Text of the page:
A bunch of young mutants in a protected building with a creepy woman, all hoping to eventually be moved to the X-men mansion. What could go wrong?
I feel like I should enjoy the X-men franchise more, but I just don’t seem to get into it. I actually didn’t realise this was part of the franchise when I started, and I just found myself quite bored a lot of the time. I think it’s probably good for what it is, but it just didn’t really work for me.
Dee Dee (Merryl Streep) and Barry (James Cordon) are Broadway stars whose show collapses on opening night, a failure blamed partially on their narcissism. To try to reinvent themselves, they decide they need to take on a cause – and they hatch the plan with fellow performers Angie (Nicole Kidman) and Trent (Andrew Rannells) that the cause is that a lesbian high schooler has been banned from attending prom with her girlfriend. So they head to Indiana to use what skills they have to save the day.
There was a lot of discussion about the casting of James Cordon as a gay man in the main role, partly because there are plenty of gay men in musical theatre, and partly because often gay male characters are played with excessive camp, coming across as offensive stereotypes. I grit my teeth when I hit play, expecting the worst. I thought he was fine. I didn’t think it was a great performance from Cordon (and this may have been in part because his accent felt so forced), but at least it wasn’t completely cartoonish. It certainly raises that discussion about casting (should gay characters be played by straight actors?) but also is the name of the star cast more important that getting someone who truly suits the character being depicted?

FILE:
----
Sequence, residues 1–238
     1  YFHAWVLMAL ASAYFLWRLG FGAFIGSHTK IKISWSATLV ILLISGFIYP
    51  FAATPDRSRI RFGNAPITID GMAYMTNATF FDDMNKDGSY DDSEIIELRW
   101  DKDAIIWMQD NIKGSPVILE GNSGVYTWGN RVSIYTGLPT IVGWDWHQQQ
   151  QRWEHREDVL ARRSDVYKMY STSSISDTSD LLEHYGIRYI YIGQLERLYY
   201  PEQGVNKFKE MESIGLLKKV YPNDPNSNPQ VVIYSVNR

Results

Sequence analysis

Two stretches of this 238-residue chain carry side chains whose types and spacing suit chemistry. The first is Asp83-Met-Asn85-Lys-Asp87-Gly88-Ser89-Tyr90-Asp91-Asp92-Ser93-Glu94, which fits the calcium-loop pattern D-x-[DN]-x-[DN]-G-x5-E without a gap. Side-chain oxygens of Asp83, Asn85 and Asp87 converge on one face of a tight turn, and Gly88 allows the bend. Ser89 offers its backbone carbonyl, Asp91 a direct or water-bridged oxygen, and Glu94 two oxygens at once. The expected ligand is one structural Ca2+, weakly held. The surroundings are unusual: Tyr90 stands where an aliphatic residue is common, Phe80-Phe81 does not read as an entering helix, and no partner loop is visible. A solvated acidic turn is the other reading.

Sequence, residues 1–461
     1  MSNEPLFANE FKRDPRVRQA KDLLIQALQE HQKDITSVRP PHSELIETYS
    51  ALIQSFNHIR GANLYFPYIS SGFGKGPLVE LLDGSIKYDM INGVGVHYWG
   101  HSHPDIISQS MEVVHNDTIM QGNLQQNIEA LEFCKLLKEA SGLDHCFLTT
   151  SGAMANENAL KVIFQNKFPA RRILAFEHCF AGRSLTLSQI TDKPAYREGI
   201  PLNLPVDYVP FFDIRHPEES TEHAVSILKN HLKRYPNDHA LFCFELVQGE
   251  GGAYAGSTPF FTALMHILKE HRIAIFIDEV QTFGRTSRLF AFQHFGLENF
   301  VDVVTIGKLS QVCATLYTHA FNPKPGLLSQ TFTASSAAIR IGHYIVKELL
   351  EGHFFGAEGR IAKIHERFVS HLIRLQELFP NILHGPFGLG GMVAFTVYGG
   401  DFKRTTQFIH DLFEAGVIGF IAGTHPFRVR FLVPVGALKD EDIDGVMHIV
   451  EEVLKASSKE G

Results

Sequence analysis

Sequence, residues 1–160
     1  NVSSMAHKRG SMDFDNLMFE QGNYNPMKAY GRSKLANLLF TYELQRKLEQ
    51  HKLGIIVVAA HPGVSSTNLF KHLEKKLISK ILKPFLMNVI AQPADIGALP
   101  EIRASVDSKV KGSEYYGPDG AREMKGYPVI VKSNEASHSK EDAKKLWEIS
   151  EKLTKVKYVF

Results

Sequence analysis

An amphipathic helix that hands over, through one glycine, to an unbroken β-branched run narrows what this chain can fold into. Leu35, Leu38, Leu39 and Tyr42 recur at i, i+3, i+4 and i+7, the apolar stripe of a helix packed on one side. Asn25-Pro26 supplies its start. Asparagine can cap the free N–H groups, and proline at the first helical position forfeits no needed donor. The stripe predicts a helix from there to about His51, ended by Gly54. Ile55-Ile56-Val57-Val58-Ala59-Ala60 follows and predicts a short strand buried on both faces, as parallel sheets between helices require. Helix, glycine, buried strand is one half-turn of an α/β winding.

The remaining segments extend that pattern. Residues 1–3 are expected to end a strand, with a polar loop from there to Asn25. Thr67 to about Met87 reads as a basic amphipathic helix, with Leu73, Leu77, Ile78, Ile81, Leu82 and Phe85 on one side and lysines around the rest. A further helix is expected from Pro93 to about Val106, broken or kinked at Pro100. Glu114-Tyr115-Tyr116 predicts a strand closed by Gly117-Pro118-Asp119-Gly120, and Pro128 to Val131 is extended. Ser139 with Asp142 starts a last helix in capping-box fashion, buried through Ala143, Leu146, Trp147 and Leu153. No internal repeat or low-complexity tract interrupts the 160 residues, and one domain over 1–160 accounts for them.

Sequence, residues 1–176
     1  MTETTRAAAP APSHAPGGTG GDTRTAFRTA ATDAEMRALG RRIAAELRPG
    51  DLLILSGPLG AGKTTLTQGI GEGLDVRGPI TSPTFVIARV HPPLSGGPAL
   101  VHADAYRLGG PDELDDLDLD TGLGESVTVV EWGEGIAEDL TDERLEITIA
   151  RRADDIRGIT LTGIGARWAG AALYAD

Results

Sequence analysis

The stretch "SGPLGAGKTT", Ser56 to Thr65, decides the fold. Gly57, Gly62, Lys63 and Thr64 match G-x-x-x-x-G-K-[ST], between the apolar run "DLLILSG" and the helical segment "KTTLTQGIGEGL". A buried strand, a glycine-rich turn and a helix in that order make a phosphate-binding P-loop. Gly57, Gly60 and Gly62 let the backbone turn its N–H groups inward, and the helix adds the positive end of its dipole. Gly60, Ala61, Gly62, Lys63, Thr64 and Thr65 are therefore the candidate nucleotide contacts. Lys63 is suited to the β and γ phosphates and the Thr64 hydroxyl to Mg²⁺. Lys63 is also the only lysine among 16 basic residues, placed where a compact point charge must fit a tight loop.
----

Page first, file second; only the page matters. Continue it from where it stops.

For me, I mostly enjoyed it. There were some really strong performances (Streep was great, as was Kerry Washington) and I really enjoyed a lot of the songs and the dance sequences. A few were quite awful, but tolerable. I’m not going to be racing out to see it again, but it was a kind of fun way to spend an evening.
World War 2 has ended, and writer Elizabeth McKenna (Jessica Brown Findlay), who was writing a column trying to raise the spirits of the English during the war, is looking for a new project. She receives a letter from a resident of Guernsey, a channel island that was occupied by the Germans for much of the war, and she becomes intrigued and visits to see if she can tell their story.
I loved this book, and this film captures the mixture of stoicism, humour, charm and sadness of the book. It’s a really lovely watch.
After the debacle that was the theme park Jurassic Park (in the first film), you’d think they’d know better, but no. Capitalism must prevail. Ian Malcolm (Jeff Goldblum) is sent back to the island against his better judgement to join another scientist, Sarah Harding (Julianne Moore) – coincidentally, his girlfriend. Not that he knew she’d gone there. And his daughter sneaks along because of course. But it’s not just an exploration expedition – of course, there are people trying to make money. So a group of baddies, (including one of my fave actors, Peter Stromare, plus the late great Pete Postlethwaite) are messing with things they don’t know about.
Oh, this is a terrible film. So bad. The plot makes little-to-no-sense, the characters are constantly acting against their best interests for no logical reason, it’s just dumb dumb dumb. And I kind of loved it Kind of a lot.
Similar to Guy Ritchie’s early films (Lock, Stock and Two Smoking Barrels, Snatch) The Gentlemen is a convoluted story of gangsters in the UK in the drug trade.
I hated this. I found it repetitive and boring, I thought Hugh Grant was terrible as a Cockney, and perhaps I didn’t notice or care so much twenty years ago, but the relentless racism drove me nuts. Maybe I’ve just moved on from this type of film. But… nope. This wasn’t for me at all.
Aaron Falk (Eric Bana) returns to the town he left under a shadow of scandal as a teenager. His childhood friend has seemingly killed himself after murdering his wife and child. Falk is now in the police, and his friend’s parents convince him to stay and look closer, as they can’t believe their child could do this.